* On October 05, the minke whales were feeding on the southern end of Stellwagen Bank. Lunging, rolling, and charging, these animals were busily engaged in making their living. At one point, one of them actually broke the surface of the water with its mouth open. This kind of feeding frenzy is not commonly seen on Stellwagen Bank from minke whales. It is far more typical of humpbacks. Also far more typical of humpbacks were the bubbles that one of them blew beneath the surface at one point. Watching minke whales be minke whales when there are between two dozen and three dozen around you is cool enough, but watching that many minkes behave like humpbacks isn’t the kind of thing you expect to see even once in a lifetime of whalewatching.
* One of the dozen or so minke whales seen on October 06 was breaching. Breaching is when the animal throws part or all of its body up out of the water. If yesterday’s minkes were feeding like humpbacks, today’s was breaching like them also. Eight or ten times, this animal launched itself out of the water, spinning like a humpback, and clearing the surface completely. With minke whales, just like with other species of baleen whale, breaching is a way they communicate with other whales and other things in their environment and a grooming technique.
* The other nearly dozen or so minkes were again making their living in virtually every direction from the boat. There is the report again to day that one or more of them was seen blowing bubbles like the humpbacks.
* The morning rain had slowed to a drizzle by early afternoon of October 07. By mid-afternoon, the sun had come back from behind the clouds. Minke whales were spotted down the backside of the Cape, off the Race Point Station. And, with them, large groups of gannets and terns. There was even a jaeger chasing one of the terns, attempting to scare it into dropping its fish. As the passengers of the Dolphin IX were watching the minke whales, the wind grew to a howl. A wide turn was needed around the Race to keep the ride comfortable for those passengers.
* Strong winds from the northeast and a swell from the southeast kept the seas in a state of confusion on October 08. The Dolphin IX slowed down to take a look beneath a group of diving terns and, there, sharing the same school of very small sand launce, the passengers and crew observed several minke whales. On several occasions, one of them passed close enough to the vessel to allow the passengers to sea the white bands that cross the upper sides of their flippers.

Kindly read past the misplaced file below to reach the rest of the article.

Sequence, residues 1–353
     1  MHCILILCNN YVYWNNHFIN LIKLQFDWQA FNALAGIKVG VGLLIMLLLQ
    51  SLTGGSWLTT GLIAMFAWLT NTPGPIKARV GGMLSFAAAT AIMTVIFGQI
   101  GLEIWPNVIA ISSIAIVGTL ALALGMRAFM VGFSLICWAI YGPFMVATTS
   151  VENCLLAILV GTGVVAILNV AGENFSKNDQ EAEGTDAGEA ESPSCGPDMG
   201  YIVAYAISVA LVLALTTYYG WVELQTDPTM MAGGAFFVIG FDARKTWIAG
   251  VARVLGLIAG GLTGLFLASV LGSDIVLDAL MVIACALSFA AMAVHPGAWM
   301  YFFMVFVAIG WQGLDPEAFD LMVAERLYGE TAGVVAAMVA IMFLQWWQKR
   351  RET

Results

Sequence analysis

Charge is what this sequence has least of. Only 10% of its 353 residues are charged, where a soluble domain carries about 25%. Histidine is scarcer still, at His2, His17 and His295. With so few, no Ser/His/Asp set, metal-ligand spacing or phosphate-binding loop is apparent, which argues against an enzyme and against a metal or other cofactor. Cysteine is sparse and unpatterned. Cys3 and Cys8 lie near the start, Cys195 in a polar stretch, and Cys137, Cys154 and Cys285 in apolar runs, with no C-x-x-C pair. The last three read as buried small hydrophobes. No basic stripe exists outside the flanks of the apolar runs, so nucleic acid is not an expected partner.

* On the southeast edge of the Bank, a large finback whale was spotted. The first dive of this animal was only ten minutes long. But then, after a really close look at the finner, it went beneath the surface and began to remain below for twenty or so minutes at a time. It provided a fantastic demonstration of just how well adapted to the marine environment these whales are. The building up of oxygen reserves in the myoglobin of their muscle tissue and the nearly shutting off of bloodflow to non-vital tissues are two of the advantages they have to allow them to remain beneath the surface for as many as forty minutes or more at a time. Unfortunately, when the animal is staying beneath the surface for that long, the time runs out quickly and it was soon time to return to Provincetown Harbor.
* East-northeast winds and an easterly swell combined to make October 09 a day for patience. There were a number of minke whales in Minkeville. While the passengers were busy watching them, the crew saw the spout of what was likely a finwhale in the distance, but it was not seen again this day. In addition to the good looks at the minke whales, the passengers were also treated to views of a number of different bird species. Hundreds of common terns with a fair percent of forster’s terns, as well, and two species of scoters (both white-winged and black) were spotted on this beautiful autumn day.
* On October 10, we quite honestly just lucked out. After quite a bit of time looking for spouts, the captain just looked up and said, “There’s one right over there.” The spout right there was that of a small humpback whale that turned out, after a number of surfacings, to be the calf of a female named Orbit. The calf was making dives of about three minutes, but Orbit stayed beneath the surface for fourteen minutes the first time she lifted her flukes and disappeared. Fortunately, they were not moving very fast or very far while we were with them, so we were able to get a number of really good looks, especially at the calf. This youngster would have been born over the past winter in the warmer waters of the Carribean. Throughout the summer, Orbit was frequently seen a bit farther to the south, between Nantucket and Long Island. She was first photographed in1979 (not as a calf) and has returned to our waters with at least 9 calves of her own.